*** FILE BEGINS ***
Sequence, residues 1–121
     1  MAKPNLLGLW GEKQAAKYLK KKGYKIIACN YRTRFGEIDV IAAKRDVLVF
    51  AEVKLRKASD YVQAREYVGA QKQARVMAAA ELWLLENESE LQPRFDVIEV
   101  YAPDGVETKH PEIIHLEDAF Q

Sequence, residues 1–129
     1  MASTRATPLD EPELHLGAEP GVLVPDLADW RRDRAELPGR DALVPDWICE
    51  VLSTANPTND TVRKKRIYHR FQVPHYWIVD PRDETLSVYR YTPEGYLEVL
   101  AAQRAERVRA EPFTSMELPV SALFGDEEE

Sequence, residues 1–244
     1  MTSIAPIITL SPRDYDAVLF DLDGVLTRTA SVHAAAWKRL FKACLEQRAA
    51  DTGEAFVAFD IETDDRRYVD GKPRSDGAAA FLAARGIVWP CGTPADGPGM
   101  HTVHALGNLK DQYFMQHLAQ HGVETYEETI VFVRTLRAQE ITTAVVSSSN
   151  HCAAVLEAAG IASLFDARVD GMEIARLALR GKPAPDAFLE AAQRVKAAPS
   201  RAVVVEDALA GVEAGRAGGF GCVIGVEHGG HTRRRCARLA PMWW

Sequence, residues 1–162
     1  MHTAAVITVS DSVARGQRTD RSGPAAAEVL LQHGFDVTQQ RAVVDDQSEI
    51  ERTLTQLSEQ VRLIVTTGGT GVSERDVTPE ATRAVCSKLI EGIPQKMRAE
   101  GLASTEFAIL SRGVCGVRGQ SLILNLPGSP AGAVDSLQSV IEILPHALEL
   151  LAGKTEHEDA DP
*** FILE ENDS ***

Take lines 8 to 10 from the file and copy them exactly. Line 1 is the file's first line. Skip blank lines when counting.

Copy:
   101  AAQRAERVRA EPFTSMELPV SALFGDEEE

Sequence, residues 1–244
     1  MTSIAPIITL SPRDYDAVLF DLDGVLTRTA SVHAAAWKRL FKACLEQRAA